Finger pointing continues as energy bill moves forward without w - WNEM TV 5

Finger pointing continues as energy bill moves forward without water crisis funding

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FLINT, MI (WNEM) -

An energy bill tied up in the U.S. Senate is finally moving forward, but it's doing so without providing any money to the Flint water crisis.

That bill originally earmarked $250 million that Flint and other cities dealing with water issues could have used.

But U.S. Sen. Mike Lee from Utah put a block on that funding, and is holding firm, despite pleas from local lawmakers and Flint Mayor Karen Weaver.

It's been a long two years for the city. Mayor Karen Weaver said they'll need not only federal support, but also funds from the state which she feels may be a contributing factor to Lee's apprehension.

"And I’m not sure if that's part of the hold up, if they're waiting on the state to release some funds for us, and then they'll step up," Weaver said. "But while this finger pointing goes on, our needs are still unattended."

Lee responded and said: "I engaged in a very lengthy negotiation with Sens. [Debbie] Stabenow and [Gary] Peters, including offering them no fewer than three proposals to try to offset the funding, but those proposals have yet to be accepted."

Peters and Stabenow have both responded to Lee’s claim.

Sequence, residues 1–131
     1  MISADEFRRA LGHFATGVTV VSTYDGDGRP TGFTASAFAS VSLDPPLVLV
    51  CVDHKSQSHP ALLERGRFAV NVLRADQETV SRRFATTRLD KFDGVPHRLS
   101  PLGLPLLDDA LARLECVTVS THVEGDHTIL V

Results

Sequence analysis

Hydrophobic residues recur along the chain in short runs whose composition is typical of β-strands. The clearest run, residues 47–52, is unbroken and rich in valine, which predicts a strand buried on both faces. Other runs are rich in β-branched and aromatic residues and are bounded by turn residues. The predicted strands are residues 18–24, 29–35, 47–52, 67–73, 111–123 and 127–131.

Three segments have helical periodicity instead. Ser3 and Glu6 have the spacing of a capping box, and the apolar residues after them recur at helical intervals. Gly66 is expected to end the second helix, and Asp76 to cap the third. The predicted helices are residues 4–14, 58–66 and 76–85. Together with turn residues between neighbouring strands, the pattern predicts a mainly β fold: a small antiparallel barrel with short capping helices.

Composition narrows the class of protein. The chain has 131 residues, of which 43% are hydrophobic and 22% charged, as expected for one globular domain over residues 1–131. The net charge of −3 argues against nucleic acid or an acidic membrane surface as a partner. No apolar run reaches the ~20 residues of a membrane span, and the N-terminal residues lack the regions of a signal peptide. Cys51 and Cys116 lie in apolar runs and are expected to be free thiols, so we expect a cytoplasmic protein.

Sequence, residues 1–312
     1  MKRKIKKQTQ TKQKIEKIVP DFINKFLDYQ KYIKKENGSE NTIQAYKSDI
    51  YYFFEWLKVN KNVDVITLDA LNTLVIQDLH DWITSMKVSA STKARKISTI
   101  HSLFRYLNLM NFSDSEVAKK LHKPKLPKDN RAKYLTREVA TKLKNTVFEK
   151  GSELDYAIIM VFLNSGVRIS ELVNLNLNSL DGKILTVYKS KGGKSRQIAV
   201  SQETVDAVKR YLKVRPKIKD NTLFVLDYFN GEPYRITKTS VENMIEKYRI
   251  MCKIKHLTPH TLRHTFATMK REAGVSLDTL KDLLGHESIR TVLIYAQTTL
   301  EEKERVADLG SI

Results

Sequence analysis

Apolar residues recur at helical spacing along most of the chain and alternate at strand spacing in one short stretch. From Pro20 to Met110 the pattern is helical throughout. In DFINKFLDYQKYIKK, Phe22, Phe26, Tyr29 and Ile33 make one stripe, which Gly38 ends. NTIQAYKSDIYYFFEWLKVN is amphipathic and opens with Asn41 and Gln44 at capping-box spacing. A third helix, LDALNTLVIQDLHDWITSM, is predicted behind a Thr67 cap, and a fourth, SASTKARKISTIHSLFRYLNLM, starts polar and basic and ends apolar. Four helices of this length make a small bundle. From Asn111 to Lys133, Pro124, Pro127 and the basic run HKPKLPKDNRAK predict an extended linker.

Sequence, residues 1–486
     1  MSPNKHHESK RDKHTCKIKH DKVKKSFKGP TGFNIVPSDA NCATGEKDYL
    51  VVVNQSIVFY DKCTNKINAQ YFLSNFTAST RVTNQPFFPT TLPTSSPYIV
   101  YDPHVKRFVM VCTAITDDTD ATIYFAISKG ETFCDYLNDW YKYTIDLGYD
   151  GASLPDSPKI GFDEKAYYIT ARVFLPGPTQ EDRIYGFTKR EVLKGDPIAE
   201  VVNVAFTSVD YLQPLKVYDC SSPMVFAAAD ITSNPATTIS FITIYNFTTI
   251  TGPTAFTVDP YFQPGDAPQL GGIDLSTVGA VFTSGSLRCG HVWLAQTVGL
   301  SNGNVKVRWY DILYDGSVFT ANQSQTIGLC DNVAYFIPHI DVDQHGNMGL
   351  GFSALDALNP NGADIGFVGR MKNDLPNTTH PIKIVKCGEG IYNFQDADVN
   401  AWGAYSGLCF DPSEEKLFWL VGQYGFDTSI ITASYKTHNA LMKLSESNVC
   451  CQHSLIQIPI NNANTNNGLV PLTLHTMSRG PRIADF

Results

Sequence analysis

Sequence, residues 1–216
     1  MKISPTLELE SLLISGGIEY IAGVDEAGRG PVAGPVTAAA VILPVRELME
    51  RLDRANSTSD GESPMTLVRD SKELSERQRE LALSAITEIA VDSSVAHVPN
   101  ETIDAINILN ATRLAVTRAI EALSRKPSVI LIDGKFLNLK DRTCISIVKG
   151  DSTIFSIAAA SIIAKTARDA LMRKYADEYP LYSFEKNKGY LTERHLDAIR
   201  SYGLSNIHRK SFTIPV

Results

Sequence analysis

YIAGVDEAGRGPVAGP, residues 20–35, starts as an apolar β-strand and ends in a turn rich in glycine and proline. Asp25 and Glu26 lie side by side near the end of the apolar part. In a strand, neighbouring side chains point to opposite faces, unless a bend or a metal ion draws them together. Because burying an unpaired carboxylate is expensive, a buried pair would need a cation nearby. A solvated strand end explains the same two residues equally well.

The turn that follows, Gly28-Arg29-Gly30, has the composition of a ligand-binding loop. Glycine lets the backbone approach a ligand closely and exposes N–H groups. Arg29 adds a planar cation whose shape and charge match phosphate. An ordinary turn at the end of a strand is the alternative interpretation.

Peters said, "I am extremely disappointed that despite weeks of negotiations, Senator Lee has refused to allow a vote on our bipartisan legislation that is fully paid for and would help not just Flint, but communities across America that are facing aging water infrastructure...  We will continue to seek a path forward for our legislation to help the people of Flint, who are still living without clean, safe water."

Just within the last hour, Stabenow’s office sent a statement to TV5.

"Throughout this process, Senator Lee kept changing his proposals and it became very clear he had no intention to help the families of Flint. If he cared about our families, he would have supported our bipartisan proposal that cut government spending in order to pay for assistance to Flint and other communities across the nation."

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